Observing in detail what the Government is proposing in relation to investment in Space, AI, Cyber. Technology Development along with other very significant procurement in ships, submarines, aircraft, army vehicles and right across the whole digital field combined with my reading of a ‘Wavell Room’ article from 2018 led me to start thinking about whether the Foreign Office, MOD and particularly in relation to defence procurement, the MOD’s Defence Equipment & Support organisation needs to think more about SQEP?
I will not dwell on the Integrated Review (IR) and of what was announced on Tuesday too much or indeed, of what will follow in the third instalment on Monday next in relation to cuts or the presumably later publication of the final IR element that includes defence industrial strategy that I am assuming will follow later, but however one looks at what the Government is planning in respect of future Foreign Policy, Defence and Security in the years to come the need for high quality expertise in order to carry the policy out.
In my commentary piece following publication of the second stage of the IR on Monday I emphasised specific concern as to whether the Foreign Office and MOD had a sufficient calibre of highly skilled expertise in-house that I viewed would be required in order to carry the Governments IR strategy and policy out. My innuendo within this was that both these important government departments would need to substantially raise their game by bringing in more experience in order to carry the policies through.
The Wavell Room article entitled ‘Gifted amateurs in a cut throat world; The RN and DE&S’ provided some interesting food for thought and is available to read on the internet. As the title suggests, it based on the experience of Royal Navy engineers and in part it was about some of those who spend time at DE&S being ill-prepared to ‘speak civvy’.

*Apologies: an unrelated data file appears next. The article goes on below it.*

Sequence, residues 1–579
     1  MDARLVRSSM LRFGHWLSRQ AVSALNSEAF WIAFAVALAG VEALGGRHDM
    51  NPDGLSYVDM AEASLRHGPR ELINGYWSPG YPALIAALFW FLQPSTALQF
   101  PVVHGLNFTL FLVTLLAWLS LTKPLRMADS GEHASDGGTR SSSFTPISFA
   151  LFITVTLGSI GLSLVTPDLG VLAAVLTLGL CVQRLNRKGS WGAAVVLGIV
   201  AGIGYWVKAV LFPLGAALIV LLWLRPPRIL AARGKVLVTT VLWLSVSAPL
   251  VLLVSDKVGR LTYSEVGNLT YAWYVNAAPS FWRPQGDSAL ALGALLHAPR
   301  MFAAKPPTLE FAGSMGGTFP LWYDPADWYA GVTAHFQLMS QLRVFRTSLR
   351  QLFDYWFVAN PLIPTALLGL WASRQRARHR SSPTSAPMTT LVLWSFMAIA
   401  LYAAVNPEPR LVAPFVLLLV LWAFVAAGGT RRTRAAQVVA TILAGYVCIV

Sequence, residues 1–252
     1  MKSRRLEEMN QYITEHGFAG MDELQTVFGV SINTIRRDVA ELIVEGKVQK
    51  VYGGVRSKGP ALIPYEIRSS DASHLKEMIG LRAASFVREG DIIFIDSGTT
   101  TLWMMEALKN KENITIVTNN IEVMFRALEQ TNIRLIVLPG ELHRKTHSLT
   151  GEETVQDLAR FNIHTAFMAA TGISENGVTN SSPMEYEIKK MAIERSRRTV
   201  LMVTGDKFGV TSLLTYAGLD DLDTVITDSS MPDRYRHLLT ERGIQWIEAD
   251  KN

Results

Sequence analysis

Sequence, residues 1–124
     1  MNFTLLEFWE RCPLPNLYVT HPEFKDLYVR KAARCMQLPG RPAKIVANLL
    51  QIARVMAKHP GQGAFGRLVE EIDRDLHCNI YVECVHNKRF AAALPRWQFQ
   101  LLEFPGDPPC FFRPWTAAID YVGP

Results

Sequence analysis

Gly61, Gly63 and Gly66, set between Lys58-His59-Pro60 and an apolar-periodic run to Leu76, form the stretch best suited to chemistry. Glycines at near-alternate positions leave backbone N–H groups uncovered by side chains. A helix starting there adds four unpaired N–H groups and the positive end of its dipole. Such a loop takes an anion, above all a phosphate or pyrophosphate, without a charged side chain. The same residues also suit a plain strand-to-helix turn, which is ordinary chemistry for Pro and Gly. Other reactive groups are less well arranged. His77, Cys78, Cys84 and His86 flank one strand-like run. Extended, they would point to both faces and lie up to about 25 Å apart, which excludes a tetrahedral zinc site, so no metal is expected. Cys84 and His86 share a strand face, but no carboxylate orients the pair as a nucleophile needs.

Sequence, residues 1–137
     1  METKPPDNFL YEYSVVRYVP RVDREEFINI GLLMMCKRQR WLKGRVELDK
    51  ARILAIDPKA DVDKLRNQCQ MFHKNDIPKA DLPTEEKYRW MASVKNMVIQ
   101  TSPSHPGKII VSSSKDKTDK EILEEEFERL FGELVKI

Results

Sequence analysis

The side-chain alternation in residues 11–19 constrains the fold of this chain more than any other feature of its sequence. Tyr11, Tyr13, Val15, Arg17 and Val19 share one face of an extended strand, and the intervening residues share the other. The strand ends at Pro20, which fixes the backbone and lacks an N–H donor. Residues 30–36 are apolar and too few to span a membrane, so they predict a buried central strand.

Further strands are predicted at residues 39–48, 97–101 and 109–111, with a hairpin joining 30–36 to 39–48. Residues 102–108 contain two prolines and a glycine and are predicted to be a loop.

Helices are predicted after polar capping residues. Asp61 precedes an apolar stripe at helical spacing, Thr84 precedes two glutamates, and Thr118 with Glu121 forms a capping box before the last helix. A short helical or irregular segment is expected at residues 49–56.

SQEP (Suitably Qualified & Experienced Personnel) is an acronym that has significantly grown in stature and importance over the past ten years and rightly so. Just as Risk Registers, Resilience and Sustainability have become watchwords of huge importance and a ‘must have’ for industry and commerce so too is SQEP important across all aspects of military and defence, aerospace and nuclear power engineering.
The SQEP term is important across all manufacturing, support and service-based elements of industry just as it is also across most aspects of the military. I know that it happens and for the most part I know that it is done well. But, given what the government has announced in IR in respect of policy intention and in respect of defence, when this is set against a need to do more for less and make defence more efficient and cost effective, does the MOD also need to raise its game in respect of SQEP? Quite probably it does.
That leads me to ask the question of what levels of SQEP the Foreign and Commonwealth Office and MOD already have? I cannot answer that question and I raise it only as a reminder of its importance.
My best guess is that SQEP has dramatically improved in respect of civilians employment at MOD Abbey Wood although I will take a lot of convincing to believe that the Foreign and Commonwealth Office and MOD Main Building have sufficient numbers of highly qualified people required if Government policy as announced in IR is to be carried through.
But while I am more content that the calibre and strengths of civilian employees at DE&S have improved I do have concerns that middle ranking military officers who find themselves despatched to DE&S at Abbey Wood and whose design engineering skills may well be very limited by virtue of what they have been previously doing within the military and who may also heaven forbid see the virtues of having such specialist and detailed procurement knowledge as being unnecessary and bureaucratic, could well be a stumbling block.
I have no doubt that the doctrine will say otherwise and that I will be shouted down in flames by a handful of those involved. But this is an issue that for me keeps rearing its head and somehow, I fear that because of insufficient attention to SQEP the procurement system at Abbey Wood lack sufficient numbers of those inside the military that are able to develop and manage programmes through to acceptance and indeed, through life management.